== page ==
Letter from the Editor: Hurricane Sandy

By: Elizabeth Wong

It’s often easy to forget that we’re connected to the rest of the world after living on Franciscan University’s campus for a while.

Our lives are school-centered: our daylight hours are filled with classes and extracurricular activities, and our evening hours are usually filled with homework, hanging out, and sleeping. Our meals are provided by the caf, most of us live in the residence halls or the Assisi Heights, and having a strong Catholic university with many chapels on campus, Mass is practically on our doorstep. We are very fortunate.

It’s also easy to get wrapped up in our own problems and forget that there is a lot going on in the world down the Hill. Sure, there are the stresses of midterms, the trials of repetitive caf recipes, and the noisy neighbors who violate quiet hours every night. But there is actually a lot more outside our university that should receive our attention.

For example: Hurricane Sandy and its aftermath. For many people on the East Coast, this is likely the most traumatizing thing that has ever happened to them. Just look at the news and see the growing numbers of missing people, destroyed homes, and death tolls. Until now, Hurricane Katrina was viewed as one of the worst storms in recent history, and now Sandy is being compared to it.

I don’t mean for this to be overly depressing, but these are the facts. Peoples’ whole homes, which many of them had spent their entire lives building, were destroyed in a matter of minutes. If it wasn’t flooding, it may have been the enormous fires that sparked from electrical problems. I heard one story of a firefighter whose own house was destroyed in the very flames he was fighting in order to protect his neighborhood.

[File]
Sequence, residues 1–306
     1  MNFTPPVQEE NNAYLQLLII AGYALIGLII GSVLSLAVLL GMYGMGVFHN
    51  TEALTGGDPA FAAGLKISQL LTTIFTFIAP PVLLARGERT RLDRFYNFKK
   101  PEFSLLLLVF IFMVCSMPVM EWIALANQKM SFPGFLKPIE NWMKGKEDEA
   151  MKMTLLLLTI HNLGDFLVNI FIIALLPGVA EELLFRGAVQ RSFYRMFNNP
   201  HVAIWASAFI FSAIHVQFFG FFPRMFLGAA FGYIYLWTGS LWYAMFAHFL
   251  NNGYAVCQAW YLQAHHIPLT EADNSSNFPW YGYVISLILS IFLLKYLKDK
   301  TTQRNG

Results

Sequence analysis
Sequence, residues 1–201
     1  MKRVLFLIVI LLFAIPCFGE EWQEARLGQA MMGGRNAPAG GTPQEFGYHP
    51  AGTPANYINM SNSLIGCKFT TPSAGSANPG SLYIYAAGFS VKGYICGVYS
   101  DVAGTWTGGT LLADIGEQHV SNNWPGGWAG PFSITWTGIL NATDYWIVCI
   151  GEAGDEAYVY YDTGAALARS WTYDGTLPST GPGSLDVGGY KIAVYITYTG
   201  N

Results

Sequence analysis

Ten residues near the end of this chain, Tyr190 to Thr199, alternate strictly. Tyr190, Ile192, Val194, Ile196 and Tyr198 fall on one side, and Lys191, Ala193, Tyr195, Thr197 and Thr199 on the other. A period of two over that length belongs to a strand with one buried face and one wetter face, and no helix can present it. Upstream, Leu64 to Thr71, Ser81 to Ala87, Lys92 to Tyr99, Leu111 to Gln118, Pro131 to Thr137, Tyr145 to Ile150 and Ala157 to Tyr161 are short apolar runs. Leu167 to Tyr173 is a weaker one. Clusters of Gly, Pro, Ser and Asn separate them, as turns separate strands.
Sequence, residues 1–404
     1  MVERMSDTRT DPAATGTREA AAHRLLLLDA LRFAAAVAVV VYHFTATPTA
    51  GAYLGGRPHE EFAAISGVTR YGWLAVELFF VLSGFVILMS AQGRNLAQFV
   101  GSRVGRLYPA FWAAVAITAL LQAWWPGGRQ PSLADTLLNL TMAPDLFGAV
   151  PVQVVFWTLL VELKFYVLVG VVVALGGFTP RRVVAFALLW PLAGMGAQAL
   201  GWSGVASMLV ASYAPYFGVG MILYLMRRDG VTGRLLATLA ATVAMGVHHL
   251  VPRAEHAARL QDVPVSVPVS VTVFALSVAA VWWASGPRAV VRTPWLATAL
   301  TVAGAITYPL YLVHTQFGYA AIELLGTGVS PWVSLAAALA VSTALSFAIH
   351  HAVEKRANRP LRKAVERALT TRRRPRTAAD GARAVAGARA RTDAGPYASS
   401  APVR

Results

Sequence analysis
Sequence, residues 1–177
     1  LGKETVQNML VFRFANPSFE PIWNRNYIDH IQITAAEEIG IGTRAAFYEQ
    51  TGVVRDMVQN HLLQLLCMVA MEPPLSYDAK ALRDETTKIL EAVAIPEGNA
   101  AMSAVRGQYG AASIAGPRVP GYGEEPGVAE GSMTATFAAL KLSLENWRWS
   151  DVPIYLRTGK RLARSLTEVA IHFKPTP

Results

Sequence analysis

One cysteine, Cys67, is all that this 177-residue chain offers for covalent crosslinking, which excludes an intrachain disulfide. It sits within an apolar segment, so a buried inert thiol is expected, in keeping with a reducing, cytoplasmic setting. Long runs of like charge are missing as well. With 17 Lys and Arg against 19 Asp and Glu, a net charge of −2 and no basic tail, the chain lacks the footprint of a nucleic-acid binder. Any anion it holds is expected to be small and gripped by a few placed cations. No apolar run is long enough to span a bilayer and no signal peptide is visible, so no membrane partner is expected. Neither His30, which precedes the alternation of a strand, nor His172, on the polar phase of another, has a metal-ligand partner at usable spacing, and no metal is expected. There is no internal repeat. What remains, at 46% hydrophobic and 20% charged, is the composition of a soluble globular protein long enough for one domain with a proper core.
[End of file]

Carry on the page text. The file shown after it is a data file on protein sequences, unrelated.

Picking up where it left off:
If it wasn’t actual property loss, many people are still suffering from power outages. This is more than a lack of internet: this is a lack of heating for their homes, no way to heat up their meals, and no lighting for when the sun sets. One New York woman who was interviewed on the news emphasized how “very quiet” her apartment was after dark: no source of sounds, and complete darkness.

For others, it comes down to inconveniences that are not quite so bad, but practically speaking, make life very difficult. In New Jersey, for instance, many trees are down, causing excessive property damage.

With all of this in mind, how can we complain that our comfy college student lives are so difficult? It’s easy to forget that others suffer hardships worse that what we have to deal with, until it hits closer to home. We have a number of students who are from the areas hit very hard, and it was doubtlessly hard to go home for fall break only to be surrounded by damage.

As the victims of the hurricane begin to rebuild their lives, we can do many things to help. We can send money to relief efforts such as American Red Cross (www.redcross.org/Hurricane_Aid). We can volunteer our efforts if we’re ever in the areas that were affected. But most of all we can pray for the people who have been affected, for the souls of those who lost their lives, and for the continued efforts to rebuild the homes and neighborhoods.

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